When making a belt with braided ends, a lot of the yarn that would have been unweavable waste is used in the belt. But for all the other bands, there is a length of yarn that can not be woven. The knots where all the yarns were joined are in this section but even after you cut those out there's a good amount of yarn left. The question is what to do with it. I hate to waste yarn so I've almost always bundled it up and set it aside for later.
Well, when I discovered how easy it is to make tassels, I looked at a couple of these bundles that hadn't been stowed away yet. I thought, ''Wouldn't they make lovely tassels?'' But then what to do with just one tassel?
The cats have always loved my yarn. I have to watch carefully or next thing I know Tess has a ball half unwound in the kitchen. When I'm warping she can be that mix of annoying and cute as she attacks the yarn in my hand. So I took to keeping a bit of yarn around that was designated a cat toy. Now that I have these singular, otherwise useless tassels I decided they'd make good cat toys. And the cats agree. The tassel adds a nice weight that a normal feather or leather toy doesn't have. And they can really get there claws into them.
I don't have the greatest pictures of them playing yet. These were taken as they interpreted me trying to photograph other things:
Constructing the cat toys took longer than I'd expected but they are durable because of it.
First make a tassel using yarn of your choice. See previous entry for instructions http://2horseweaving.blogspot.com/2012/01/tassels.html
Then cut three strands of yarn about 2 feet long (or desired length for dangling)
I knotted the strands every one to two inches to more or less form them into one strand.
On one end of the three strand knotted yarn, sew on the tassel using the tassels four loose ends. Basically just bundle all seven strands together, stick the needle through the bundle somewhere, wrap thread around the outside a couple times, stick the needle randomly through the bundle again, repeat until you feel it's secure and/or looks good.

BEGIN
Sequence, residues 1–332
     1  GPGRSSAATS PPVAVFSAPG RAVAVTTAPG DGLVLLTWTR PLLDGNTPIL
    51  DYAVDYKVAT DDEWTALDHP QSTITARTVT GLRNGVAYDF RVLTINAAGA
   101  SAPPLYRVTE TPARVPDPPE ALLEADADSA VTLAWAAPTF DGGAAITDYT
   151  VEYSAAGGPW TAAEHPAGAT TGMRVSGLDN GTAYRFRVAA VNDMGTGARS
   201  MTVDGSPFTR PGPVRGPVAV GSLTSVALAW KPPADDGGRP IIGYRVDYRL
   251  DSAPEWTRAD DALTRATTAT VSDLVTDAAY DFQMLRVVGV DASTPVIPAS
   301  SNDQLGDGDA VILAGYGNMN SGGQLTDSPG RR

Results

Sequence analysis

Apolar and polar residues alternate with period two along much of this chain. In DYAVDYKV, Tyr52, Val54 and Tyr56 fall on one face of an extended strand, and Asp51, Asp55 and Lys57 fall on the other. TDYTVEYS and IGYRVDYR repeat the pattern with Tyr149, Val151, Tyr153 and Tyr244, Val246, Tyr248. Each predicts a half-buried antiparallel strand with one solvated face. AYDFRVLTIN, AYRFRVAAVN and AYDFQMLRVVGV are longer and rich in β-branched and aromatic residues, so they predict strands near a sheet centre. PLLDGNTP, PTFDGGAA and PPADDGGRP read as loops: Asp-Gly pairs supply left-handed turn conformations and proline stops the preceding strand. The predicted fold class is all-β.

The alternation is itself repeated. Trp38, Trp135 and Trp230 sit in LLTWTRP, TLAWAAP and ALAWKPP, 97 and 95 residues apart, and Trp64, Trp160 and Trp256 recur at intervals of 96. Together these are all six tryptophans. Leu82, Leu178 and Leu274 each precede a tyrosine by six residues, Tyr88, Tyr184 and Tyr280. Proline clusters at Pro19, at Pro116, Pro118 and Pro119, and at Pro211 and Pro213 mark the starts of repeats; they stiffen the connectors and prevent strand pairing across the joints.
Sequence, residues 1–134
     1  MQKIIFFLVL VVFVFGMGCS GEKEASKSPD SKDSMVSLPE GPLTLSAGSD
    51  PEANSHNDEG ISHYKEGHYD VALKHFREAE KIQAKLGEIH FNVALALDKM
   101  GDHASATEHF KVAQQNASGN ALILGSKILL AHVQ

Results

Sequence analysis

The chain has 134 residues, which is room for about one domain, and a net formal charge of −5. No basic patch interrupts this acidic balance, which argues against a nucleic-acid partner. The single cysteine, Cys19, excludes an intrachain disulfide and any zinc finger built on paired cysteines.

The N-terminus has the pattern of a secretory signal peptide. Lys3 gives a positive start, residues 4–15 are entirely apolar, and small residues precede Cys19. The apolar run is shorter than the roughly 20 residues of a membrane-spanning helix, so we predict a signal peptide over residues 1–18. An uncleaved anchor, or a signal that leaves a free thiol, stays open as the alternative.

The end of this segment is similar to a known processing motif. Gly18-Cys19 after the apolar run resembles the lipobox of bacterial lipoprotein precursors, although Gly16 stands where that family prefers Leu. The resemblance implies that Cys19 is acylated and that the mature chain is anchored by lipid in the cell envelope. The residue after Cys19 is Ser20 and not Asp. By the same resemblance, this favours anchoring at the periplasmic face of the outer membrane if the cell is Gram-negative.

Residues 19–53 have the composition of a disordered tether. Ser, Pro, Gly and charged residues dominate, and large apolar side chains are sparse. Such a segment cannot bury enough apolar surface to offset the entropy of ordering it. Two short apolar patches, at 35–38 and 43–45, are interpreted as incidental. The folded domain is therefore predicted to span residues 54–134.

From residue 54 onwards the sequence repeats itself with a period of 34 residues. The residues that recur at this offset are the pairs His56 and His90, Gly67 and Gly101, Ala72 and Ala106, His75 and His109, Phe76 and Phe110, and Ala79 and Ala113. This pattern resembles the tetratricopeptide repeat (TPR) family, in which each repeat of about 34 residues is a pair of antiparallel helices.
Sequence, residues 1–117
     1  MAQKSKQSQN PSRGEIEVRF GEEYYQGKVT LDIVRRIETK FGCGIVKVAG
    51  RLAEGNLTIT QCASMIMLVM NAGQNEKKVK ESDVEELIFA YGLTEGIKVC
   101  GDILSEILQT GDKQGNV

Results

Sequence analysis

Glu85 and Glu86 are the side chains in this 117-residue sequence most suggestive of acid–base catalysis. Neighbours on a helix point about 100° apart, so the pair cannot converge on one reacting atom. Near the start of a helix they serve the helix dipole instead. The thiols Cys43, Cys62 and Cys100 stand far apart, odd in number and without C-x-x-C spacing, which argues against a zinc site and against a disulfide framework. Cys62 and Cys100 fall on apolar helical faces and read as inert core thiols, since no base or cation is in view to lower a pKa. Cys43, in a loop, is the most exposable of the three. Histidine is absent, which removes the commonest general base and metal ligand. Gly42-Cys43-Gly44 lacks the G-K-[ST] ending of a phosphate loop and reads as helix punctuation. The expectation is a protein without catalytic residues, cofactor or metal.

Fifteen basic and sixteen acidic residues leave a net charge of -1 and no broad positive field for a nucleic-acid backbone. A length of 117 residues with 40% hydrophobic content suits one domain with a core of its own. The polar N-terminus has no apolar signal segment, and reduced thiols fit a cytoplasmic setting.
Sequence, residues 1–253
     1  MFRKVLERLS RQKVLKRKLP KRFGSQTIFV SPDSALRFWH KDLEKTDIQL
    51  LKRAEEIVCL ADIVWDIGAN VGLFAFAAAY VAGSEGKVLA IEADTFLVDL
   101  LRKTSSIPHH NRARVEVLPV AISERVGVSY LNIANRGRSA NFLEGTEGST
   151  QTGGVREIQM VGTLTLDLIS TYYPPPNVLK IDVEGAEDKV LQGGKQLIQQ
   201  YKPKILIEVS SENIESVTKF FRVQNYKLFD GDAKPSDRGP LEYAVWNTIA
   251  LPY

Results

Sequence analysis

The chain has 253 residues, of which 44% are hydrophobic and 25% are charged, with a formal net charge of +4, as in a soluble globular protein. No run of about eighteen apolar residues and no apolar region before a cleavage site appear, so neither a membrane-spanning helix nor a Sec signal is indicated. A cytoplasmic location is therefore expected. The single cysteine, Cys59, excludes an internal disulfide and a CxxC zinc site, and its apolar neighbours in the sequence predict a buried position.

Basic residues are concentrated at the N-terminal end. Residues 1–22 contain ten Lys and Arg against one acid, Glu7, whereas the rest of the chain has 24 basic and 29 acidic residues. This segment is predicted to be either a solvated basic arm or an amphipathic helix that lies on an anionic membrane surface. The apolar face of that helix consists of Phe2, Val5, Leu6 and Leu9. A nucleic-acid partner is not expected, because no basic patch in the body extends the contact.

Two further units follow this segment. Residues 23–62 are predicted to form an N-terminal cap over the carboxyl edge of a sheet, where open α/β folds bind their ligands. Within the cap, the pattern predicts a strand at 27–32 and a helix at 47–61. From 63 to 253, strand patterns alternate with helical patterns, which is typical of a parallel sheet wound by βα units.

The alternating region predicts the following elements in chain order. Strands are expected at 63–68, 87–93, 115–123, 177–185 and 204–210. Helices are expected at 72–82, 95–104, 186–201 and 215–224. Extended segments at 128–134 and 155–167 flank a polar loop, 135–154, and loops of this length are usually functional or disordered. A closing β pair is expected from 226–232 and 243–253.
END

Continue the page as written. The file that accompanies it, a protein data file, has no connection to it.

Tie the other end of the three strand knotted yarn to a dowel. I think the size I used was 3/8 inches but really it can be any diameter you'd like. It can also be any length desired. I made mine 9 inches because it's long enough to be useful but still fits in the mailing envelopes I have.
Now you can be done if you'd like but I added a few feathers for a more enticing smell and tickle effect.
For the feathers put the needle through the shaft of the feather. This is best done where the shaft begins to turn white. If you can't see the color because the feather has been dyed or you're just not sure that's okay. Just choose a spot about a half inch from the end. If you go too near the end of the feather, the shaft might split.
Next put the needle through the yarn in the location you would like the feather. If using yarns of the tassel, be sure not to go too close to the end of the yarn or it could unravel.
Wrap the thread a couple times around the shaft and yarn together. Stick the needle through the yarn a couple times randomly. I avoid going through the feather more than twice as it might split the shaft. Again, wrap until secure and decorative.
If placing a feather on the ball of the tassel, you may pierce the tassel ball with each pass of the wrapping or you can wrap all the way around the tassel, whichever looks better to you.
I chose to glue the yarn onto the stick because I wanted these to be as secure as possible. I was worried the toy might get pulled off. I used gorilla glue. It's very secure but I'm not happy with the look. Maybe you could try wood glue, super glue or tacky glue.
Here's some pictures I hope will help. Again, I can add pictures of the process itself if requested but I don't have any right now.
Hope you and your kitties enjoy!